Friday, November 20, 2020

. . . And Peter Davies's Signature

I think that my blog-related to-do list needs to include a "short story" version of the Llewelyn Davies family history. The more I write about it, the more I want to have a short version I can send people to to catch them up if need be, rather than doing a summary every time I write about the Ll. Davieses.

But in any case, here's the short-short version for the purposes of this blog: 

Peter Llewelyn Davies was one of five brothers who inspired the creation of Peter Pan by J.M. Barrie. The character ended up with Peter's name through happenstance: Peter was a baby in a pram when Barrie started telling Peter's two older brothers, George and Jack, stories about how baby Peter could fly. The stories morphed, as they do, and eventually we ended up with the Peter Pan we know, the one who never grows up. The real Peter, however, did--of course--grow up. He was seven years old when the play Peter Pan premiered in 1904, and from that time he couldn't disassociate himself from the character, especially because of his name.

Within six years of the play's premiere, Peter and his brothers were orphaned and became Barrie's wards. Peter was at Eton (on scholarship, I feel I should add, rather than on Barrie's dime like his other brothers) and was in the Officer Training Corp when war broke out in 1914. He and big brother George immediately signed up. He was 17 years old, which was old enough to sign up for the army but not old enough to be sent to the front. George went off to the trenches, while Peter remained in England in training. In March 1915, George was killed. At the end of that year, Peter was sent to France. He had a bad experience during the war, watching friends die and cowering under the unrelenting threat of the artillery shells. At one point, he was sent home to England to recover from shell shock, but then he was sent back to the front. He was a signalling officer (meaning he laid and repaired telephone wire, etc.), but during the fighting he, at twenty-one or twenty-two (I should check the dates...), became the commanding officer after all the senior officers were killed. For several days, he led a fighting retreat, and as a result he was awarded a Military Cross.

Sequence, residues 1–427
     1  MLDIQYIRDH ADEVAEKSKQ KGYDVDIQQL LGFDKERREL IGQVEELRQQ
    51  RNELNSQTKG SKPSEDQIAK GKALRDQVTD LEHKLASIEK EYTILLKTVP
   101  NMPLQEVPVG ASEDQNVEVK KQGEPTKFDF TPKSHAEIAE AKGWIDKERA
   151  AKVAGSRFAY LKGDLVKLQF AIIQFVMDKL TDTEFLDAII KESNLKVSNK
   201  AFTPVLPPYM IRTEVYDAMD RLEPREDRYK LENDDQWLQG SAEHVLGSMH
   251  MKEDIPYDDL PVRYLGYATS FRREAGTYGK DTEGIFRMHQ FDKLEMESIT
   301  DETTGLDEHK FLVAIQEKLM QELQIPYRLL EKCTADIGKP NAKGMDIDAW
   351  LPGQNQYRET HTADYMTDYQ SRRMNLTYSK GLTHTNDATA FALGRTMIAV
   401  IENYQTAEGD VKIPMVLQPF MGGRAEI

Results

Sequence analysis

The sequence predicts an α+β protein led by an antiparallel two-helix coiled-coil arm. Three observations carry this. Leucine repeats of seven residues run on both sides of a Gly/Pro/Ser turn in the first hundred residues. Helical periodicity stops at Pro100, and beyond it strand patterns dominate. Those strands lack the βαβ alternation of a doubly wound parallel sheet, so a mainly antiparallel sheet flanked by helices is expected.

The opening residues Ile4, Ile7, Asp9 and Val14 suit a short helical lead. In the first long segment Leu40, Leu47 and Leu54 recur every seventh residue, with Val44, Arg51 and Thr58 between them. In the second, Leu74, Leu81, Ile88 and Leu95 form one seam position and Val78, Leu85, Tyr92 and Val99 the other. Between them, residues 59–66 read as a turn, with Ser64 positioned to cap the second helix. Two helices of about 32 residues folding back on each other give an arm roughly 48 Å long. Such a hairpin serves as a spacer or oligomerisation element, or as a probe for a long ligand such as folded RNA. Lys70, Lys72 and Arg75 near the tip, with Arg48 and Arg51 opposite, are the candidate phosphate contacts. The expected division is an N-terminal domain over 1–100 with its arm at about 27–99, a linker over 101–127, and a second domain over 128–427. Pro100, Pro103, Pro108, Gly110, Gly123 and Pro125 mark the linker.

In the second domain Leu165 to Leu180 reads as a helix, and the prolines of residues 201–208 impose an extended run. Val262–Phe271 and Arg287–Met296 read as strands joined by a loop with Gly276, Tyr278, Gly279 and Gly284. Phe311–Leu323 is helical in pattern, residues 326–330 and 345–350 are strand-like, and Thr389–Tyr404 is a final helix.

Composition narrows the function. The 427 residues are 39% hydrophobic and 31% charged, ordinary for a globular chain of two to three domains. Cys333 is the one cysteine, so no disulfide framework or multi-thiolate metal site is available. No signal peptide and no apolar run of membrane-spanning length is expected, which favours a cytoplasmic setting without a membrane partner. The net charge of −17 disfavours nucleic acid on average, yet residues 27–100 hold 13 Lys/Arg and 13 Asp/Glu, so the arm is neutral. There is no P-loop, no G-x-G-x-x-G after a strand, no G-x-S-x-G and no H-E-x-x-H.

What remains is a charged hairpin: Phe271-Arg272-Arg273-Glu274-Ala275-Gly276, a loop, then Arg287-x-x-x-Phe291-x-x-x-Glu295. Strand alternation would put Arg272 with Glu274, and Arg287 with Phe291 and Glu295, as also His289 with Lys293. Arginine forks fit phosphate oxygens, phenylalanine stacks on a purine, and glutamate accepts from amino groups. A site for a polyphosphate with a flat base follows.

Last autumn, I had the immense pleasure of viewing the Llewelyn Davies papers at the Beinecke Library at Yale University. Among the papers are Peter's 37 letters home from the trenches to J.M. Barrie, whom he and his brothers (except Jack) called Uncle Jim. (As a note, Peter later carefully added the year to the date of each letter and numbered them--or at least, I'm fairly certain that that's Peter's handwriting. Also worth noting, it was kind of insane to be holding actual letters sent from the actual trenches of the Great War, in fact the actual letters from Peter to J.M. Barrie.)

I've been working on transcribing the letters. They're incredibly rich and vivid, and there's a strong undercurrent of world-weariness and nerviness, with a good dose of acerbic, very English, wit. For instance, he says the whole unit is in good fighting order, including "the signalling officer"--which is, of course, himself. This isn't a joke, but it's a wry way of stating things that I greatly appreciate. There are also some really descriptive, affecting bits, like this: "It is quite delightful going out under the trees with a book and Balkan cigarettes and a box of chocolates while the gramophone plays. One almost forgets the practically permanent noise of the guns." Peter is an excellent writer, in spite of being very young. I find his words at least as evocative as those of his adopted father, J.M. Barrie, perhaps more so for being less sentimentalized.

I got about two-thirds of the letters done, then took a break. I'm only up to mid-1916, but you can begin to see the psychological effects the war is having on Peter ("Honestly, Uncle Jim, I can't write about it - I don't believe anyone could, and I'm not particularly anxious that anyone should."). One of the things that struck me is the signature. He begins his correspondence signing himself "Yr affectionate Peter". Later, it's "Yr loving." In one of the last letters, here, it's what appears to be just "Your" or "Yr" or "Yrs". As you can see, the signature in 1918 is pretty untidy. Though his handwriting is mercifully fairly legible throughout (unlike JMB's!), it does appear to get looser and quicker towards the end of the war, as evidenced by the signatures. Of course, he was writing these letters from the field, and sometimes conditions necessitated him to write quickly or on a less-than-ideal surface, which might explain the sloppiness. In any case, I thought it would be interesting to look at Peter's signatures when he set out for France in 1916 and after two years in the trenches and a struggle with shell shock (a struggle which I contend he never really won and, in fact, lost in 1960 when he committed suicide):


Peter's signature late 1915: Y[ou]r affectionate Peter

Peter's signature 1918: "Ever"? "Your"? Peter

You can see a definite deterioration there, though this isn't scientific and it's impossible to say why the 1918 signature is so sloppy. But he definitely missed the "t" he was meant to be crossing...


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